How to Deal with Grief?
Encouragement for the journey through loss


How do we learn to deal with grief on the road through loss? Encouragement from others who have traveled the road before us is indispensable. This page offers such encouragement. It is also open for you to share your story to help others on their way.

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My own story of grief revolved around repeated early pregnancy loss. My faith provided the biggest source of strength as I walked the lonely road of miscarriage grief. The encouragements I share are drawn from my experience but the principles apply to any grief experience. I hope they will offer you hope as you travel your own difficult road.

1. It really is true that the pain will subside over time.
When grief enfolds you in pain, your world becomes small as your energies are applied to surviving. You may ask the question, like I did, "What do I do with my pain?" In the midst of my grieving process, the pain seemed so big and insurmountable that I wondered if I would ever experience joy again.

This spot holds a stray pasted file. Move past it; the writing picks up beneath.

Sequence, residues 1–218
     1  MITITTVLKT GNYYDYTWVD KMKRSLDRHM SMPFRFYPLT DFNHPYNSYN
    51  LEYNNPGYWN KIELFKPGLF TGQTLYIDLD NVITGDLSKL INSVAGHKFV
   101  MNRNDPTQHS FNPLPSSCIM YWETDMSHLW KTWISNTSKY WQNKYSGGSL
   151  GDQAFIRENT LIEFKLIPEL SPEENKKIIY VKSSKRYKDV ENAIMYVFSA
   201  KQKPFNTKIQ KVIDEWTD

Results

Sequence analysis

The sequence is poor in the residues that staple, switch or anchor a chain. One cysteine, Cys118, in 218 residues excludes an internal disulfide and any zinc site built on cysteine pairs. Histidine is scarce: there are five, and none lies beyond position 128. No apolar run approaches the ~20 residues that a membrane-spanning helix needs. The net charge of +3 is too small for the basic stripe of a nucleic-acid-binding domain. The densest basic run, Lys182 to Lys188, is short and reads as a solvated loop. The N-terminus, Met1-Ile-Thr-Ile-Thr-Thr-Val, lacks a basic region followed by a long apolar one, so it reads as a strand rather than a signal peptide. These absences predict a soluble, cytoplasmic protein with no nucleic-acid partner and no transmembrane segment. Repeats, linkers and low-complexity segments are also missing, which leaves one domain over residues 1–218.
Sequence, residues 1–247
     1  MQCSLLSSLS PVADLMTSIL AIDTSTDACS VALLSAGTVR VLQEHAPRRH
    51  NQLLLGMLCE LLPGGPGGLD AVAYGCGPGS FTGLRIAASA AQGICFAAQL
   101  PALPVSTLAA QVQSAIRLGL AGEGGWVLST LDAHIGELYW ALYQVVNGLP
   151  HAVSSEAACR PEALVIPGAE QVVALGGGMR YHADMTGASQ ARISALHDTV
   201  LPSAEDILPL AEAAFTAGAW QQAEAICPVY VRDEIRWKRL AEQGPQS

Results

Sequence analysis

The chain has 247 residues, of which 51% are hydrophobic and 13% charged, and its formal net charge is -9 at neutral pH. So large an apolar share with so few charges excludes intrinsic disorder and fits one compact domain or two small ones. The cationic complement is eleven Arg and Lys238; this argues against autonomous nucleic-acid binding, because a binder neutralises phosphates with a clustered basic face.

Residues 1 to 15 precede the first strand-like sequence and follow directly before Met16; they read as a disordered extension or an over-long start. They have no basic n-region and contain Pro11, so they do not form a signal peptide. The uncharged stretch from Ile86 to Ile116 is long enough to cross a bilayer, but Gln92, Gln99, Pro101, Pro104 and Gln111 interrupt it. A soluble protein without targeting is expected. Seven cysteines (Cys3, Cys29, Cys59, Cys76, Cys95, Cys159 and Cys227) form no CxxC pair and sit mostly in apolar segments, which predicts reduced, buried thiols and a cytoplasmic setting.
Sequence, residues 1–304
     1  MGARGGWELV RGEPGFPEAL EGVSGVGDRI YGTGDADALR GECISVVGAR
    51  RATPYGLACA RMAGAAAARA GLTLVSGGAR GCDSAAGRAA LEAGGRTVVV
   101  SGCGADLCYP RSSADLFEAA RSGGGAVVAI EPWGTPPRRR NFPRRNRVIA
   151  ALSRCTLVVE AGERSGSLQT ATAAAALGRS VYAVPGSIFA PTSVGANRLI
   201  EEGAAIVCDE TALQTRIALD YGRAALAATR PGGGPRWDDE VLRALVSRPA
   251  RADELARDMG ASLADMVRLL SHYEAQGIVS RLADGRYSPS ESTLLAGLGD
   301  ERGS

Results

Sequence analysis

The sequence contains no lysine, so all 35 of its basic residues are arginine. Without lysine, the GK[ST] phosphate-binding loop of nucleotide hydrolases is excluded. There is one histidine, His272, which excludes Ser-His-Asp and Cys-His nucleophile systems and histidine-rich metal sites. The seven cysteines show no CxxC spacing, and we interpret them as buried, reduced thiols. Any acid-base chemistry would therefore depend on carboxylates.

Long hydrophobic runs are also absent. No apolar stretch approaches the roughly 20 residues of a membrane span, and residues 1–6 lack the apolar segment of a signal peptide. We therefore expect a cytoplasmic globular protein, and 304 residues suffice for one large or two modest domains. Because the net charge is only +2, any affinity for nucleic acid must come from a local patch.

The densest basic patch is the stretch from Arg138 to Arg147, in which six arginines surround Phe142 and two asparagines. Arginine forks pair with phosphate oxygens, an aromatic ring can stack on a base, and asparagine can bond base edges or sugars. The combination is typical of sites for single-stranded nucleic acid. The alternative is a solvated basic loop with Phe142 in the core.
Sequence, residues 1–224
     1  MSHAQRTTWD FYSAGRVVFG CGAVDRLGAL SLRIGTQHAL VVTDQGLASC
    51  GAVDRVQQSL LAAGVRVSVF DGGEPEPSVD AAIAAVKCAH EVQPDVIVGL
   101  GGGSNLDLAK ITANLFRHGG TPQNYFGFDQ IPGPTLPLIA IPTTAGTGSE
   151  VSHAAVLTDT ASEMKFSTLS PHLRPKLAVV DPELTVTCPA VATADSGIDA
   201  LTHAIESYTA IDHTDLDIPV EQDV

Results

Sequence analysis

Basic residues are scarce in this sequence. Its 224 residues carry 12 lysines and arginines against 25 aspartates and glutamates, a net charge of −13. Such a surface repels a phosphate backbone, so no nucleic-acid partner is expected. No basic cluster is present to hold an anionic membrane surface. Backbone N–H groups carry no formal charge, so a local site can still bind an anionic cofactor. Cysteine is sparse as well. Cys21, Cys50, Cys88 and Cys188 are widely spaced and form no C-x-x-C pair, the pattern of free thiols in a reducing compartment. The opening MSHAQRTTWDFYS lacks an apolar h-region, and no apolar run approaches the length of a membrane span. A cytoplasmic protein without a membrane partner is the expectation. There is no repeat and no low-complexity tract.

A compassionate friend responded to my cry: "I haven't begun to understand the workings of God in the pain and the passion of his children. It seldom appears to be immediate, as it might be if we ran to an earthly parent for comfort. Rather, it appears to be a soothing over time…when one day we notice that the wound isn't quite as raw."

The pain will eventually subside as you learn to deal with grief, but first it is important to allow yourself to grieve....

2. Give expression to the pain.
Honour your loved one or lost dream by allowing the pain and agony, the anger and outrage to find their voice. Allow yourself to mourn, deeply and thoroughly. This is difficult if you live in a society which expects you to quickly move on and 'pick up with life'. Yet you know that life will never be the same, and you need a way to express that reality as you deal with grief.

I found that having just a few trusted friends with space in their lives to lend a listening ear created a safe place to express my pain. They were a tremendous source of strength which helped me to keep myself together in less safe settings where such emoting would have produced regrets and additional stress.

My journal became my safest place to be real, a place of honest prayer where much inner healing took place.

3. Seek out support to counter the inevitable loneliness.